Lot 19. Ludwig Deutsch (Austrian, 1855-1935), The Koran School, 1905, signed, inscribed and dated 'L. Deutsch PARIS 1905' (lower left), oil on panel, 27½ x 32 in (69.9 x 81.3 cm). Estimate GBP 300,000 - GBP 500,000 (USD 387,000 - USD 645,000) © Christie's Images Ltd 2017
Provenance: Anonymous sale; Christie's, London, 26 March 1987, lot 77.
with Mathaf Gallery, London (inv. no. P.95).
Acquired from the above by the present owner.
Note: Executed at a time when Ludwig Deutsch (see Lot 13) was moving from a photorealist to a looser style, the present work combines the best elements of both: the extraordinary attention to detail of the former, rendered softer and less austere by the latter, to create an overall picture of great drama and intimacy. The present painting is among the ones where Deutsch began to experiment with a technique influenced by Post-Impressionism, which would eventually come to characterise his late style. Although he continued up to 1910 to produce exceptionally detailed and intensely observed paintings, he was also attracted to a more painterly approach to his subject. Thus in the present work, Deutsch contrasts a precise observation of some of the objects with broadly described, and muted harmonies of grey and brown, which dominate any detail of motif in the foreground.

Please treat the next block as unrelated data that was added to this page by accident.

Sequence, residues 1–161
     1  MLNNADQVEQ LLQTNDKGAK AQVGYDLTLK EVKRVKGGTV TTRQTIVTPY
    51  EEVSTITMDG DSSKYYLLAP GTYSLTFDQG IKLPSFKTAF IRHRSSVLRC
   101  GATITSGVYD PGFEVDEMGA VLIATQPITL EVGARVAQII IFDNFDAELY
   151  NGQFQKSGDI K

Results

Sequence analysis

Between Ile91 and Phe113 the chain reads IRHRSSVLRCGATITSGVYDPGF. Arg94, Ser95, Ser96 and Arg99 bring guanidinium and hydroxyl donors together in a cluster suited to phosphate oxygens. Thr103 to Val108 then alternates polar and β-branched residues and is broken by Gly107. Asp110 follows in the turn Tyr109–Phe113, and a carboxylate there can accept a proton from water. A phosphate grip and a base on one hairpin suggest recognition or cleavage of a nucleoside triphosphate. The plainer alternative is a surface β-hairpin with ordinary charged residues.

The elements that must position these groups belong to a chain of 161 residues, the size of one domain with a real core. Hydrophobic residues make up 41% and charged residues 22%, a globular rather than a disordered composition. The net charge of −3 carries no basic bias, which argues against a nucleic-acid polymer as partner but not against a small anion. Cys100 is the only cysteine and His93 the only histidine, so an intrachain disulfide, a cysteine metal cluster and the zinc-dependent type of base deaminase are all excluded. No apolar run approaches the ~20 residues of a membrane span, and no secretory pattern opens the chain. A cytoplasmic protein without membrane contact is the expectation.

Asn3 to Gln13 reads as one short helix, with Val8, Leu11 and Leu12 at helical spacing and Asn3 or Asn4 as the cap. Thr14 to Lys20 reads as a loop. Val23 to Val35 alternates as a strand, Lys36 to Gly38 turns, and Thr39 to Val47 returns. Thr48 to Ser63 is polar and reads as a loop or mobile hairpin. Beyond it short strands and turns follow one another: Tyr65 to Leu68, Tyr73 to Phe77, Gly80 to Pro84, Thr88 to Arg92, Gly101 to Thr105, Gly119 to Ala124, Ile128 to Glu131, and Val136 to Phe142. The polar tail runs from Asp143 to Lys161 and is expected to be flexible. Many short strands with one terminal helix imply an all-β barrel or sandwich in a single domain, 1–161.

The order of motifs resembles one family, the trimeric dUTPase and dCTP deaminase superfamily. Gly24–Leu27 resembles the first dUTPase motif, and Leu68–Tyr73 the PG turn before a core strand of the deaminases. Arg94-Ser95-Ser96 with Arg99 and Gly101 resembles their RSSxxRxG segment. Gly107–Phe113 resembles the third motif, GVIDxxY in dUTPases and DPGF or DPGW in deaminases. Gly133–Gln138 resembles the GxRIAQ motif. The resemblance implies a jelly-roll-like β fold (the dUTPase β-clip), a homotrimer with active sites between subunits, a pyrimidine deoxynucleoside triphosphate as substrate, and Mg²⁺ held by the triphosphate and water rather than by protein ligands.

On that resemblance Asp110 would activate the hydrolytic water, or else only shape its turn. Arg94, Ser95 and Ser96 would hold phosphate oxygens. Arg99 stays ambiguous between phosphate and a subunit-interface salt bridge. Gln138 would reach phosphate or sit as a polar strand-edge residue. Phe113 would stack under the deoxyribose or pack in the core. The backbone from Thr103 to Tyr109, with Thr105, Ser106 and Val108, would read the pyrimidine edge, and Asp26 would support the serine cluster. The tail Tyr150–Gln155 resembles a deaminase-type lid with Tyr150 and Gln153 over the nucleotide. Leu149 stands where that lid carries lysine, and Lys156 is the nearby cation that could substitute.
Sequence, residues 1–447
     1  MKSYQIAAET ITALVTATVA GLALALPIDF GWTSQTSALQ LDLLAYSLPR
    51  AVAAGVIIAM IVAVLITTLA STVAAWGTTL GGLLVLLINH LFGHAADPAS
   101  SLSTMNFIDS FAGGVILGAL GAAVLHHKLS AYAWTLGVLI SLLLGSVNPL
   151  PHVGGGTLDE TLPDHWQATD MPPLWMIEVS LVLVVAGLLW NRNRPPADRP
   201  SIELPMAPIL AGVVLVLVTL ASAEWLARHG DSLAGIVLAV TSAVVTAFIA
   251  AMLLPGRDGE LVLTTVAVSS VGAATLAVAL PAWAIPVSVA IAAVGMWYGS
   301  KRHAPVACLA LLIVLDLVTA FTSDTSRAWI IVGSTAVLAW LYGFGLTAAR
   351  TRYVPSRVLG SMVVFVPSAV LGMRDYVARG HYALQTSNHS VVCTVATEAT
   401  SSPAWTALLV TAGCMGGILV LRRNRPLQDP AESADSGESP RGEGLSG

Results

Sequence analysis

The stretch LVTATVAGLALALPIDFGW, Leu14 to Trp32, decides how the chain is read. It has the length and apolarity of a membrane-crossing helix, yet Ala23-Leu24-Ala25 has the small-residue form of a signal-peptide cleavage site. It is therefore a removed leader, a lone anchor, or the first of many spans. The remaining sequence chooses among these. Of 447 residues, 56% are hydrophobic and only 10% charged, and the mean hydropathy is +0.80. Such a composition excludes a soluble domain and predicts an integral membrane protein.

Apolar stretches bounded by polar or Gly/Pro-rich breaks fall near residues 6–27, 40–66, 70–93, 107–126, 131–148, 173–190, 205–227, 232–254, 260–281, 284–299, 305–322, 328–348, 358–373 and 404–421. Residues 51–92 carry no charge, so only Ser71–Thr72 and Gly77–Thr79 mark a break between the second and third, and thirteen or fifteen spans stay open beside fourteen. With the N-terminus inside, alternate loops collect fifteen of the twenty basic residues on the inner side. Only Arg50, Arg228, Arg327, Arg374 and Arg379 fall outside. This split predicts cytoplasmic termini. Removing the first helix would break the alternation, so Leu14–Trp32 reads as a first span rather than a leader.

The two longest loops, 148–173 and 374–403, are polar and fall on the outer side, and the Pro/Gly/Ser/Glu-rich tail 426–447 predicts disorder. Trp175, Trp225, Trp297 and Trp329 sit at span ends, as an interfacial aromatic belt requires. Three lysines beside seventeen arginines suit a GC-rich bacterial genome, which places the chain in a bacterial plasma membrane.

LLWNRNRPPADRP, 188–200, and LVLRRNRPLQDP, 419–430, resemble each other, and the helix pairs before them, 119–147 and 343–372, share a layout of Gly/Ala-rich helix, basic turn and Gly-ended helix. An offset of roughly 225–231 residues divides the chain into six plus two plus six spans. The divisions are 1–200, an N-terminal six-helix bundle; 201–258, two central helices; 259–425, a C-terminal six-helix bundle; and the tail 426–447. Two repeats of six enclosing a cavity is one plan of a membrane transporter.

Together with these stylistic changes in the later years of Deutsch's career a different subject matter emerged. The artist moved away from depictions of the ruling classes, clothed in richly coloured and textured materials, and set in broader layered architectural surrounding. Instead, as in the present work, he represents the day-to-day activities of society, using simply clothed figures in humble, but distinctly Arab, interiors.
The artist is thought to have visited Egypt as many as five times between 1883 and 1904, where he completed studies from which he drew inspiration on his return to France. He had several studios in Paris, where he kept a vast collection of objects collected on these travels, such as costumes, furniture, arms, pipes and ornaments.
In the present painting Deutsch uses the architecture to frame the group of figures attending a Koran school. The inky shadow of the interior contrasts with the light emphasizing the central figure of the cleric, his arms opened in a solemn gesture. The artist’s most refined works are often conceived around a central figure, about whom pivots the whole crowd involved in the painting. This central figure embodies the spirit of the whole: immobile, grave and emanating a powerful sense of mystical solemnity. The costumes of the various figures stand out in vivid complementary ochres, blues and greens, and lend accents to the whites of the turbans.
The study of the Koran plays a major role in the upbringing and spiritual development of a Muslim. The spirituality of the Orient fascinated the artist. Here the artist has purposefully populated his composition with only the most incidental of objects -- a chair, a simple pair of shoes, some books- to focus instead on the overall atmosphere.
Christie's. 19th Century European & Orientalist Art, 13 July 2017, London, King Street